Appeal to the Jews.

Chapter LXIII.Appeal to the Jews.

Thus we argued and bore witness; and we who were unlearned men and fishermen, taught the priests concerning the one only God of heaven; the Sadducees, concerning the resurrection of the dead; the Samaritans, concerning the sacredness of Jerusalem (not that we entered into their cities, but disputed with them in public); the scribes and Pharisees, concerning the kingdom of heaven; the disciples of John, that they should not suffer John to be a stumbling-block to them; and all the people, that Jesus is the eternal Christ. At last, however, I warned them, that before we should go forth to the Gentiles, to preach to them the knowledge of God the Father, they should themselves be reconciled to God, receiving His Son; for I showed them that in no way else could they be saved, unless through the grace of the Holy Spirit they hasted to be washed with the baptism of threefold invocation, and received the Eucharist of Christ the Lord, whom alone they ought to believe concerning those things which He taught, that so they might merit to attain eternal salvation; but that otherwise it was utterly impossible for them to be reconciled to God, even if they should kindle a thousand altars and a thousand high altars to Him.


Temple to Be Destroyed.

Chapter LXIV.Temple to Be Destroyed.

For we, said I, have ascertained beyond doubt that God is much rather displeased with the sacrifices which you offer, the time of sacrifices having now passed away; and because ye will not acknowledge that the time for offering victims is now past, therefore the temple shall be destroyed, and the abomination of desolation592 shall stand in the holy place; and then the Gospel shall be preached to the Gentiles for a testimony against you, that your unbelief may be judged by their faith. For the whole world at different times suffers under divers maladies, either spreading generally over all, or affecting specially. Therefore it needs a physician to visit it for its salvation. We therefore bear witness to you, and declare to you what has been hidden from every one of you. It is for you to consider what is for your advantage.


Dan. ix. 27; Matt. xxiv. 15.


Tumult Stilled by Gamaliel.

Chapter LXV.Tumult Stilled by Gamaliel.

When I had thus spoken, the whole multitude of the priests were in a rage, because I had foretold to them the overthrow of the temple. Which when Gamaliel, a chief of the people, sawwho was secretly our brother in the faith, but by our advice remained among thembecause they were greatly enraged and moved with intense fury against us, he stood up, and said,593 Be quiet for a little, O men of Israel, for ye do not perceive the trial which hangs over you. Wherefore refrain from these men; and if what they are engaged in be of human counsel, it will soon come to an end; but if it be from God, why will you sin without cause, and prevail nothing? For who can overpower the will of God? Now therefore, since the day is declining towards evening, I shall myself dispute with these men to-morrow, in this same place, in your hearing, so that I may openly oppose and clearly confute every error. By this speech of his their fury was to some extent checked, especially in the hope that next day we should be publicly convicted of error; and so he dismissed the people peacefully.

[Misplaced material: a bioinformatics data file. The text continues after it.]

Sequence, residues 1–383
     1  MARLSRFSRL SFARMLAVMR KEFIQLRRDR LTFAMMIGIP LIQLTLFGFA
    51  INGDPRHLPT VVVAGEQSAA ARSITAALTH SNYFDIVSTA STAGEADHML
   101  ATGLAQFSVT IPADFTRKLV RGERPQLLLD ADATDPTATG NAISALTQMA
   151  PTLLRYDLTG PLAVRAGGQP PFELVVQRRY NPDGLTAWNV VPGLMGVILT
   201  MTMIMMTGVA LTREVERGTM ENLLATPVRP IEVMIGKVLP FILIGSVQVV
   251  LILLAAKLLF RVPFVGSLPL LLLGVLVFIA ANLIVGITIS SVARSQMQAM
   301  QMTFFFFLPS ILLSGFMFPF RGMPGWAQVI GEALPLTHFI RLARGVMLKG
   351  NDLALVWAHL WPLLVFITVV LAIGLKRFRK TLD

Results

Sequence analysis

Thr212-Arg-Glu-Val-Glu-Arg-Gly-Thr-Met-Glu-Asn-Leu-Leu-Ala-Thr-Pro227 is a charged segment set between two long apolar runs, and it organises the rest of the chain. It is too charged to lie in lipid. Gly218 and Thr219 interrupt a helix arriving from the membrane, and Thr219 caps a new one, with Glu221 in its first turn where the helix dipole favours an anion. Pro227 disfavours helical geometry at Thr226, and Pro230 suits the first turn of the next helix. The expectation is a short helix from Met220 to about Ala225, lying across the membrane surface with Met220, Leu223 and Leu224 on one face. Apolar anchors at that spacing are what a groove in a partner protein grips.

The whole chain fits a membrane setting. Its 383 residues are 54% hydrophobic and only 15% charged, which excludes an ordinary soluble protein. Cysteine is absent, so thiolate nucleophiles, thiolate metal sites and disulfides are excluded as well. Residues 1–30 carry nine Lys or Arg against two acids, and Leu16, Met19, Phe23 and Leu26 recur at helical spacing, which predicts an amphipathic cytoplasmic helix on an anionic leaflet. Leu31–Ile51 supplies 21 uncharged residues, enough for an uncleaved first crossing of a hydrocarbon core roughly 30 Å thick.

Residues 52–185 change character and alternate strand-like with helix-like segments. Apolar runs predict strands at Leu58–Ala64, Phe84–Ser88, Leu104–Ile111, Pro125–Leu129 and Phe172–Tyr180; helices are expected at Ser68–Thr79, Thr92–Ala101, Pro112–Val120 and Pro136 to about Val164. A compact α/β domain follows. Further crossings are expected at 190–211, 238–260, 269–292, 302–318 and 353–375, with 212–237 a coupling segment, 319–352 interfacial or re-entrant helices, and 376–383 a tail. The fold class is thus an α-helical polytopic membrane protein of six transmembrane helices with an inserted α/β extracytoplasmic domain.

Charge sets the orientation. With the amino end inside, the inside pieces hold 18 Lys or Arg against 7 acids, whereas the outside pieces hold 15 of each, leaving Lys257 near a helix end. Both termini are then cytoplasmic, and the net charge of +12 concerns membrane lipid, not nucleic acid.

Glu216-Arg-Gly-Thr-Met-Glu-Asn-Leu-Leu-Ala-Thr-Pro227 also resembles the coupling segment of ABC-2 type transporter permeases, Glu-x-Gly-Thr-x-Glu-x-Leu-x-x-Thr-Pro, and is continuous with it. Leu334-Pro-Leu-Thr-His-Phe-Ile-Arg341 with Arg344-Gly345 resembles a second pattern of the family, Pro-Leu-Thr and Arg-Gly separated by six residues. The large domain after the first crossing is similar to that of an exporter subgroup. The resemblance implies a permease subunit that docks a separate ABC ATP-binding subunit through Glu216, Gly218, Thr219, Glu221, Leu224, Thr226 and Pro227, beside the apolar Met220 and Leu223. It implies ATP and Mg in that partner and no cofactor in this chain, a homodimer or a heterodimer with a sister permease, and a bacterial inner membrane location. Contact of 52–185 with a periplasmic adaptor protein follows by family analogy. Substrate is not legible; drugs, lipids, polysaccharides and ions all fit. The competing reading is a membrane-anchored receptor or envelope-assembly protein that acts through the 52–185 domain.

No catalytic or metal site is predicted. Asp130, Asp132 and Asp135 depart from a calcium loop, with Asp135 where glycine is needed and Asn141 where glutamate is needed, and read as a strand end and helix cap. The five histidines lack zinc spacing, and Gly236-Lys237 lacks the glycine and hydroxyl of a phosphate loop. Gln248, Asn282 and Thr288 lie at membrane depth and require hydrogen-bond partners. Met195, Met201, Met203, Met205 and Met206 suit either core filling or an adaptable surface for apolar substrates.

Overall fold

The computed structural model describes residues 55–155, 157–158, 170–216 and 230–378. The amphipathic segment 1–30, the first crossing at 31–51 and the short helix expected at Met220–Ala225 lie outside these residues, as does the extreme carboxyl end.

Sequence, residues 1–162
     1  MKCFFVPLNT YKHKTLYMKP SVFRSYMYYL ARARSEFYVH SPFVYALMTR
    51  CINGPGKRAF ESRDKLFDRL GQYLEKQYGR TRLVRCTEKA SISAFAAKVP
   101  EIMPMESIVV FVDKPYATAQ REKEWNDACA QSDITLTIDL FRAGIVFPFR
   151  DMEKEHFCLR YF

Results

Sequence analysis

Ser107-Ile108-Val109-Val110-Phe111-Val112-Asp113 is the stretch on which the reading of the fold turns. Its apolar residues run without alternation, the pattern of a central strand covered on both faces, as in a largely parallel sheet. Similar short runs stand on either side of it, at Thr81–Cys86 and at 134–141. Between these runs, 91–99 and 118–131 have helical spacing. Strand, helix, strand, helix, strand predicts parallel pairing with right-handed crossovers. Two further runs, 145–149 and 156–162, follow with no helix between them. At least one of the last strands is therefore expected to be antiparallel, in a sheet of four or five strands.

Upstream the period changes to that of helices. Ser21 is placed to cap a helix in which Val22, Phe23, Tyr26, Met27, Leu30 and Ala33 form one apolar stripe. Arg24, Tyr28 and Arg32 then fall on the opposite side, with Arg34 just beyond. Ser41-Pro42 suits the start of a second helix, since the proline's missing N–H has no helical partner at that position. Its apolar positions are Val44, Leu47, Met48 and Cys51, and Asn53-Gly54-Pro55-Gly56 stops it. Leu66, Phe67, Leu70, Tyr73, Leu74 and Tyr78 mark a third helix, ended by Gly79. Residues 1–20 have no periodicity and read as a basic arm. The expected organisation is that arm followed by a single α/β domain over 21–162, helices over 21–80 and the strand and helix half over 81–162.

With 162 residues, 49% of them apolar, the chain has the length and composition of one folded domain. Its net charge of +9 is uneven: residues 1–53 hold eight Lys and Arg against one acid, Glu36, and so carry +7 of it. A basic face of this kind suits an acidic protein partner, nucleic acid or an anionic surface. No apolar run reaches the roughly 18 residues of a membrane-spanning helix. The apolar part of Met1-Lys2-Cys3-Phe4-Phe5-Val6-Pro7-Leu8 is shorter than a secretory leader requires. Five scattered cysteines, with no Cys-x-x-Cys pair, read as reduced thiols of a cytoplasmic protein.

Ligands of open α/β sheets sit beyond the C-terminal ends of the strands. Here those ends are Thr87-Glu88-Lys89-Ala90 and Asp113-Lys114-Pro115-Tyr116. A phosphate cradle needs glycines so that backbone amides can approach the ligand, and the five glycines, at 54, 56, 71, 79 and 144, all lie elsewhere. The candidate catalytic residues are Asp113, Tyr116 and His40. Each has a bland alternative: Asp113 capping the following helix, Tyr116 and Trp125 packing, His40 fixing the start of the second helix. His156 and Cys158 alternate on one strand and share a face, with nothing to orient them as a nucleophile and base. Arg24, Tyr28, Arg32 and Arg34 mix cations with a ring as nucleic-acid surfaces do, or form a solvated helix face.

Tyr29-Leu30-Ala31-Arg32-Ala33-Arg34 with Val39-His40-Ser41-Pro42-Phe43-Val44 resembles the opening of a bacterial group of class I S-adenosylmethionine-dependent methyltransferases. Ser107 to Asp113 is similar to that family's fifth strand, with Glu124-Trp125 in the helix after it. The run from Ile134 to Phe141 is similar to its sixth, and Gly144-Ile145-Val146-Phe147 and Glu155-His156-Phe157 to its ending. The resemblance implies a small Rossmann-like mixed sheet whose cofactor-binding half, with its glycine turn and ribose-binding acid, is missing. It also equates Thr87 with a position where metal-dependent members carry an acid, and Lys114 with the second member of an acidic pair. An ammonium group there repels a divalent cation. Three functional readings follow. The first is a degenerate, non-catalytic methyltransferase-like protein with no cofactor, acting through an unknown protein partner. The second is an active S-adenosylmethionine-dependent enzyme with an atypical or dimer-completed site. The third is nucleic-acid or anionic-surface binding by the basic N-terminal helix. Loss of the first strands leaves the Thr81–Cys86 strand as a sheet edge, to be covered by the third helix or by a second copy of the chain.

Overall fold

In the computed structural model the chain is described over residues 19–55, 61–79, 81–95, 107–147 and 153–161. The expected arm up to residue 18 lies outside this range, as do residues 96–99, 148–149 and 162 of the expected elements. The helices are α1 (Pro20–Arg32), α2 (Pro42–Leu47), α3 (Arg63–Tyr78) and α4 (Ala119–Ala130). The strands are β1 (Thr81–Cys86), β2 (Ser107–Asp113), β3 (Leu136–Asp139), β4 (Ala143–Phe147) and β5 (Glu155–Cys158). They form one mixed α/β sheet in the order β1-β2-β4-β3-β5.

Acts v. 3539.


Discussion Resumed.

Chapter LXVI.Discussion Resumed.

Now when we had come to our James, while we detailed to him all that had been said and done, we supped, and remained with him, spending the whole night in supplication to Almighty God, that the discourse of the approaching disputation might show the unquestionable truth of our faith. Therefore, on the following day, James the bishop went up to the temple with us, and with the whole church. There we found a great multitude, who had been waiting for us from the middle of the night. Therefore we took our stand in the same place as before, in order that, standing on an elevation, we might be seen by all the people. Then, when profound silence was obtained, Gamaliel, who, as we have said, was of our faith, but who by a dispensation remained amongst them, that if at any time they should attempt anything unjust or wicked against us, he might either check them by skillfully adopted counsel, or might warn us, that we might either be on our guard or might turn it aside;he therefore, as if acting against us, first of all looking to James the bishop, addressed him in this manner:


Speech of Gamaliel.

Chapter LXVII.Speech of Gamaliel.